Tell Us What You Think
Comment:

Name:





 Enterprise Software
1.   Salesforce App Personalizes the Sale
2.   HP Drops $50M on Hortonworks
3.   Yammer Moved to Office 365
4.   Will Next OS X Bring New Apple Grief?
5.   Sprint Becomes Google Apps Reseller


advertisement
Salesforce App Personalizes the Sale
New CRM and sales automation tools.
Average Rating:
Mac OS Yosemite Beta 4 Released
Public preview could be coming soon.
Average Rating:
Cisco Woos More Devs with DevNet
To create new network-aware apps.
Average Rating:
Product Information and Resources for Technology You Can Use To Boost Your Business

Network Security Spotlight
Researchers Working To Fix Tor Security Exploit
Developers for the Tor privacy browser are scrambling to fix a bug revealed Monday that researchers say could allow hackers, or government surveillance agencies, to track users online.
 
Wall Street Journal Hacked Again
Hacked again. That’s the story at the Wall Street Journal this week as the newspaper reports that the computer systems housing some of its news graphics were breached. Customers not affected -- yet.
 
Dropbox for Business Beefs Up Security
Dropbox is upping its game for business users. The cloud-based storage and sharing company has rolled out new security, search and other features to boost its appeal for businesses.
 

Enterprise Hardware Spotlight
Apple Updates MacBook Pros, Cuts Prices Up to $100
The popular MacBook Pro laptop line just got an update and a price cut of as much as $100. The MacBook Pro with Retina display now includes faster processors and double the memory.
 
Watson Gets His First Customer Service Gig
Since appearing on Jeopardy, IBM's Watson supercomputer has been making a living using his super-intelligent knowledge base for business verticals. Now, Watson's been hired for his first customer service job.
 
Tablet Giants Apple and Samsung Feel the Heat
When a company saturates its home market with a once-hot product, expect it to pump up efforts elsewhere. Apple, for its part, is now pushing iPads to big corporations and the enterprise market.
 

Mobile Technology Spotlight
Android 'Fake ID' Puts Millions of Users at Risk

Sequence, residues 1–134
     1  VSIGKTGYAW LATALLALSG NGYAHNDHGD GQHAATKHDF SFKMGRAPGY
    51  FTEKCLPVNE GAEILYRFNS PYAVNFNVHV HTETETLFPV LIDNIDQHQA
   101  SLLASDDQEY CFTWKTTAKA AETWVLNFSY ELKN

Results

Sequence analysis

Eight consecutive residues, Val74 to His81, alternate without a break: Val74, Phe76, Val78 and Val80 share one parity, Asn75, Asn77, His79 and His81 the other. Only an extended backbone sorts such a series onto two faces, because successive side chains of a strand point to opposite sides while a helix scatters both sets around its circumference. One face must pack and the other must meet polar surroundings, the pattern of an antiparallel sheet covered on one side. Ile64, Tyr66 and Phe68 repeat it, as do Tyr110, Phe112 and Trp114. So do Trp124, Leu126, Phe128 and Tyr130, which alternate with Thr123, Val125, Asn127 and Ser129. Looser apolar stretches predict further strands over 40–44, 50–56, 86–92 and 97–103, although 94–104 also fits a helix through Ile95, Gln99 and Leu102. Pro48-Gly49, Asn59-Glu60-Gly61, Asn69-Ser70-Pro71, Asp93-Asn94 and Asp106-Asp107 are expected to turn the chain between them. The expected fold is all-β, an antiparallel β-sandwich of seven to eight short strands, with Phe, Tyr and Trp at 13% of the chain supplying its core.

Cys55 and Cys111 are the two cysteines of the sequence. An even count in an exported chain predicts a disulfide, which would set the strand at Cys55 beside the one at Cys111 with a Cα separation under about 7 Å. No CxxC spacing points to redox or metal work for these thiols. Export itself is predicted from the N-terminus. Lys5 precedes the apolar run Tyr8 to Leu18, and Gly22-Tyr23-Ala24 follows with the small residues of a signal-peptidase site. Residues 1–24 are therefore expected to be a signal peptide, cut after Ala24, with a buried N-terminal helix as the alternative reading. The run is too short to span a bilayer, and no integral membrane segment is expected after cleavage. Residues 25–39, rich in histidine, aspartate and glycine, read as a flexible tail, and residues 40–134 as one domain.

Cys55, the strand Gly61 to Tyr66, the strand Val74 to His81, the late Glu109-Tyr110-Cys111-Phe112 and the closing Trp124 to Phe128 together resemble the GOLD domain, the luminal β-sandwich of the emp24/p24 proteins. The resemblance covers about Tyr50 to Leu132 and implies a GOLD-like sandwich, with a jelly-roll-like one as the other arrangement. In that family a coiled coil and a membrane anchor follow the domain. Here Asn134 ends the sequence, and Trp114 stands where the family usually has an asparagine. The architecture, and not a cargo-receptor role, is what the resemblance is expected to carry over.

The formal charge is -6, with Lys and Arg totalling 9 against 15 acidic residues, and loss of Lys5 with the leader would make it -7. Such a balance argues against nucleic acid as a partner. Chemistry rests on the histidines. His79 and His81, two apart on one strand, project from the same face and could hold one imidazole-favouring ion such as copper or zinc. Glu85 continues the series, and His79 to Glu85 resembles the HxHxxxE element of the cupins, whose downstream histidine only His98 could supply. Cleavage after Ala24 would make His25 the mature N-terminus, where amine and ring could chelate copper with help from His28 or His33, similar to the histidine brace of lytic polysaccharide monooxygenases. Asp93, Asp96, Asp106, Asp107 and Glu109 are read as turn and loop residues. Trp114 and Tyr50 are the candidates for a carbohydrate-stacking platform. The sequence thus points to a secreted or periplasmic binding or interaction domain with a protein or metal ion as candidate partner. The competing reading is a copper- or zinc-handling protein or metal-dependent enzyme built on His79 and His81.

Having this fake ID is nothing to brag about, even if you are a minor. The “Fake ID” Android flaw drops malware into smartphone apps. It can steal credit card data and even take over your device.
 
FTC Wants Fix for 'Perfect Scam' of Mobile Cramming
The U.S. Federal Trade Commission has issued new guidelines to curb “mobile cramming,” a troublesome practice that adds unauthorized third-party charges to mobile phone bills.
 
Facebook: You Will Use Messenger, and You Will Like It
Starting this week, Facebook users with Android and iOS phones will be forced to use the separate Messenger app to send Facebook messages. Pending messages will still be visible in the main app.
 

Navigation
Enterprise Security Today
Home/Top News | Network Security | Viruses & Malware | Cybercrime | Security Solutions | Mobile Security | Disaster Recovery | Windows Security
Data Security | EST Press Releases
NewsFactor Network Enterprise I.T. Sites
NewsFactor Technology News | Enterprise Security Today | CRM Daily

NewsFactor Business and Innovation Sites
Sci-Tech Today | NewsFactor Business Report

NewsFactor Services
FreeNewsFeed | Free Newsletters

About NewsFactor Network | How To Contact Us | Article Reprints | Careers @ NewsFactor | Services for PR Pros | Top Tech Wire | How To Advertise

Privacy Policy | Terms of Service
© Copyright 2000-2014 NewsFactor Network. All rights reserved. Article rating technology by Blogowogo. Member of Accuserve Ad Network.